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In 2012, Kuam decided to take a step back from Hartalega. He stepped down from the role of CEO while remaining chairman and ceded the seat to his son.

The company grew exponentially since then.

In 2013, Hartalega had 6 plants, including workers quarters, a research and development centre, a sports complex, and even a learning center. These facilities produced 13.6 billion gloves per year.

Projecting strong growth, the company spent $580 million that year to build a manufacturing plant with 72 production lines ready to operate by 2021. They planned to produce an additional 28.5 billion gloves a year, then to get the total number of gloves to 44 billion once the remaining plants would be finished.

In 2017, Hartalega’s competitor began to differentiate making condoms, car parts, and contact lenses.

Investors pressured the company to do the same but Kuam simply refused.

He explained that Hartalega’s success in the glove industry was due to their willingness to focus. They were leaders in gloves because gloves were all they did.

Furthermore, they still saw opportunities in the industry and did not feel the need to diversify.

Kuam respected his promises. Hartalega launched the first non-leaching antimicrobial glove that same year.

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This new product contains an in-built antimicrobial technology that kills microorganisms and prevents the spread of infections.

Rather practical in a hospital!

By 2018, nitrile gloves occupied 60% of the glove market and Hartalega had doubled in size compared to 2015.

Finally, 2020 was the year the company beat all the records.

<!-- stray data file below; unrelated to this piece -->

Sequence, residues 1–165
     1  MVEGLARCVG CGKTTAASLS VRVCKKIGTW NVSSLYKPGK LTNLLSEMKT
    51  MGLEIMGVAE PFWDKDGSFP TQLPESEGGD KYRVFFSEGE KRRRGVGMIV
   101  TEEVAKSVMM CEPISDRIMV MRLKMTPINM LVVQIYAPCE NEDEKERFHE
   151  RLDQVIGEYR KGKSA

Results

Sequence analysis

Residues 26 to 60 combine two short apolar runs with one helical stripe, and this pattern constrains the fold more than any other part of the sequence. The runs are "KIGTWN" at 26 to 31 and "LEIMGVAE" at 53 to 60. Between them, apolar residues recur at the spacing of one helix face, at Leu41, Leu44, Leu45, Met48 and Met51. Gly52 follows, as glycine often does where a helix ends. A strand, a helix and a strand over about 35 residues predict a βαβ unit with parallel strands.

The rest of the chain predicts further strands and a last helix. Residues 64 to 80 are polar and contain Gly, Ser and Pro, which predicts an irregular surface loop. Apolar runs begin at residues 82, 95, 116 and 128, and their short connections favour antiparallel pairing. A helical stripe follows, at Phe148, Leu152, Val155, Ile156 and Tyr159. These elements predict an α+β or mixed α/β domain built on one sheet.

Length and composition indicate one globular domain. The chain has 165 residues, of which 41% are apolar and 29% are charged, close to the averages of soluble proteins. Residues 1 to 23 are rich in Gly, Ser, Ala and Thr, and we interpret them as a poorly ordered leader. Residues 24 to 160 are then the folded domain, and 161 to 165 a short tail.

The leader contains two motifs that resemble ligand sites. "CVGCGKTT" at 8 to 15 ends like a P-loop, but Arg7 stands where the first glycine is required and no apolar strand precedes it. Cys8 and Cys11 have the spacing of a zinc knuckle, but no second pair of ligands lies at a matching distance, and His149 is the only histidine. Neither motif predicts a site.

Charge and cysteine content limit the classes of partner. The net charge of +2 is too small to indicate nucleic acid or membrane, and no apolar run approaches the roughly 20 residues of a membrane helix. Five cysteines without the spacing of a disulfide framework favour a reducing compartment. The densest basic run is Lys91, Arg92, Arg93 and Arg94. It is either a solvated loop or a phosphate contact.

The pandemic skyrocketed the demand for nitrile gloves to 120 billion per year.

Hartalega produced 1/3 of them, and their pre-tax profit for 2020 amounted to…$500 million.

As a result, the shares peaked in July 2020 and Kuam’s fortune quadrupled. The shares have since tumbled back to 5.7 MYR, a pre-pandemic price.

Hartalega Itself

Hartalega relentlessly focuses on innovation and engineering. Factories are automated as much as possible to improve productivity and decrease costs.

They also installed a biomass energy plant in 2007 to produce energy and decrease reliance on gas. The plant functions with empty fruit bunch fibers as fuel, a cheap, abundant, and useless commodity in Malaysia.

Hartalega is a family business. Kuam has his three sons working in Hartalega, and two of his nephew.

One of them is a mechanical engineer and has an MBA.

The other, an accountant, is executive director and oversees the sales, finance, and marketing department.

The third one is the CEO.


The glove business, while being a bit boring, is a fantastic industry.

Without pandemics, demand for gloves grew by 8-10% per year, so with the pandemics (H1N1, Covid, etc), it’s growing at a pace unseen before.

Meanwhile, Hartalega, despite being the giant that it is, is still growing at 20% per year. Since they IPOed in 2008, they never lost money.

In fact, their sole worry is not being able to supply enough gloves fast enough.

The company plans on manufacturing 95 billion gloves per year by 2027, roughly twice what they produce now.

They’re also moving into tech with the creation of a connected smart factory. They already have a few Internet of Things technologies operating at this moment.

When asked for business advice, Kuam explained that there are no best practices or “checklist” to build a company. It’s a matter of solving problems as they are coming.

While Kuam did not give any further details, he said that there had been a lot of failures at Hartalega.

“In running a business, there are many variables. Targets are always moving, so we need to make quick and accurate decisions. This is why those who pay more attention to details will hit the target first and win,’’ he once declared.

As they seek to expand outside of Malaysia, Hartalega is currently building a blueprint that analyzes the best business practices in their line of work.

The company may be 33 years old, it feels like they are just starting.

For more billionaire articles, head to auresnotes.com.

Picture Credits: The Star